Review: American Psycho by Bret Easton Ellis

American PsychoIn American Psycho, Bret Easton Ellis imaginatively explores the incomprehensible depths of madness and captures the insanity of violence in our time or any other. Patrick Bateman moves among the young and trendy in 1980s Manhattan.

Young, handsome, and well educated, Bateman earns his fortune on Wall Street by day while spending his nights in ways we cannot begin to fathom. Expressing his true self through torture and murder, Bateman prefigures an apocalyptic horror that no society could bear to confront.


I’m amazed my head did not explode while reading American Psycho. I’ve seen the movie plenty of times. I was aware the character is living in a very superficial world. I even knew there was a whole chapter on Phil Collins and his music. None of this prepared me.

I’m left with a mix of sympathy, pity, and loathing for Pat Bateman. He is a charming character, he has a great sense of humour, and he is lonely. Lonely, bored, and beyond superficial. Except, not as superficial as his friends. This surprised me, but then would he be so likeable if he was as greedy and empty as his supporting characters? I doubt it. There has to be some humanity present in a protagonist for the reader to connect. Pat Bateman has just enough to make him sympathetic, but only just.

It does take awhile to get used to the bombardment of brand names and places being flung at you from Bateman’s observations of everything around him. People aren’t introduced via the usual means of physical and character description. No, it’s their clothes. Everything they are wearing and eating and drinking and holding and places they are going. I’m used to reading descriptions of character’s faces. By the end of it, my mind had created this group of invisible people running around in expensive designer clothing. It sounds funny, but when you couple it with the story, you just feel like you’re going as nuts as Bateman.

In saying all that, I’m not sure if I really got used to reading the brands over and over again. It’s hard when you yourself aren’t the type of person to focus so intently on what people are wearing and doing. I personally believe people can wear what they want, do what they want, as long as they aren’t harming others. Go crazy. If you want to wear a onesie to the shops, if you want to wear ugg boots to a restaurant, I don’t care. I may not do it. Sure, I have a onesie, but I’ll only wear it as far as my mailbox. This doesn’t mean I care if you wear it all day and travelling everywhere.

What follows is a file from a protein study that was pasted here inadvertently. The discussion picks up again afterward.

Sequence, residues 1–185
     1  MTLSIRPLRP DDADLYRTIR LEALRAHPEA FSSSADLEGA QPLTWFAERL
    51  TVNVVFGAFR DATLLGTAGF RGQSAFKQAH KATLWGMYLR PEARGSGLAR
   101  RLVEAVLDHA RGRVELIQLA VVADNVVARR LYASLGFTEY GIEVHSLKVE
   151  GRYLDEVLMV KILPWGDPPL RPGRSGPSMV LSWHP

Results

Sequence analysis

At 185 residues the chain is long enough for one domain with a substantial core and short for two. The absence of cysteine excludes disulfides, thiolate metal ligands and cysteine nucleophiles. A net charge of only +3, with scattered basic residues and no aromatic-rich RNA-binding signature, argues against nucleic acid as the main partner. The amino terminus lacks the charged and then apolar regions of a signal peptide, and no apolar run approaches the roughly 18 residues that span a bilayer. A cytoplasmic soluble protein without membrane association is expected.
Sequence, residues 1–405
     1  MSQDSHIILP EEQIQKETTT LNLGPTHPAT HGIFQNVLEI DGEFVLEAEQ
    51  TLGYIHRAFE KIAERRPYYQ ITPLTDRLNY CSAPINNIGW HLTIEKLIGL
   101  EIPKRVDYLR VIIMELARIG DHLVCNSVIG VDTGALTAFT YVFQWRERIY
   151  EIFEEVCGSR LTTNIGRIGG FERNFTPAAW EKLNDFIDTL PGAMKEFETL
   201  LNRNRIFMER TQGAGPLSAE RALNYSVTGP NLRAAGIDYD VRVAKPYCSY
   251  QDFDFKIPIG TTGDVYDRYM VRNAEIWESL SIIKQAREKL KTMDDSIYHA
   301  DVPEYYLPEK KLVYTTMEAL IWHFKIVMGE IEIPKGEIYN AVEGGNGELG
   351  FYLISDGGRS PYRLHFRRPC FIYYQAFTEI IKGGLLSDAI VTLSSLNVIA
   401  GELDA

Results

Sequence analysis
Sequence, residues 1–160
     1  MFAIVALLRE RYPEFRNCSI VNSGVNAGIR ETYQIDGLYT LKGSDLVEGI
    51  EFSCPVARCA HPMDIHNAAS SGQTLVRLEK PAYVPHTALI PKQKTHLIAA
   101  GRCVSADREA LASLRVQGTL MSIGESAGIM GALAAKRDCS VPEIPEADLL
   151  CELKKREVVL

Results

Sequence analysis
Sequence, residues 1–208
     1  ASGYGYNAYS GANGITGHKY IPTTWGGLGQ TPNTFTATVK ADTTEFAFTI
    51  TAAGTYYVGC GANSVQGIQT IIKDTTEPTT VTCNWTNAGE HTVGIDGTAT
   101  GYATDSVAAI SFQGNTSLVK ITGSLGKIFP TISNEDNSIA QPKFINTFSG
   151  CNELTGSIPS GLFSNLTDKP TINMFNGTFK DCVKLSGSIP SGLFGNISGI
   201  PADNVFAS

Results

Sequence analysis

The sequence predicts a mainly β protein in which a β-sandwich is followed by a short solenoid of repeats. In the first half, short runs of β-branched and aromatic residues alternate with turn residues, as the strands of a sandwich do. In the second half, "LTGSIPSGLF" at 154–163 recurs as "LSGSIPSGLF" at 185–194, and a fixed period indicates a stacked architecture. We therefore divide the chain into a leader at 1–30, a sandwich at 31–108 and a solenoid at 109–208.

I believe I eventually just became numb, out of necessity, and by then Bateman had gone into his spiral and things just weren’t adding up anyway. The story is just insane. It’s insane, exhausting, and completely engrossing! I tried to gobble it up my eyes would burn after a reading session. It’s enough just to read the designer names, but then there’s a whole chapter on Whitney Houston and Huey and the News. Not just Phil Collins. It’s a weird juxtaposition of difficult to get through, but not being able to immerse myself deep enough into the story for my satisfaction. Not because I couldn’t, but because I wanted to get further in.

As for if he did it or didn’t? I have no idea. My brain is still recovering and I’m sure it will be for awhile. I’m still trying to absorb and comprehend the madness within American Pscyho, let alone trying to solve the if he did it scenario. Now, I must watch the movie. I didn’t get enough madness, apparently.

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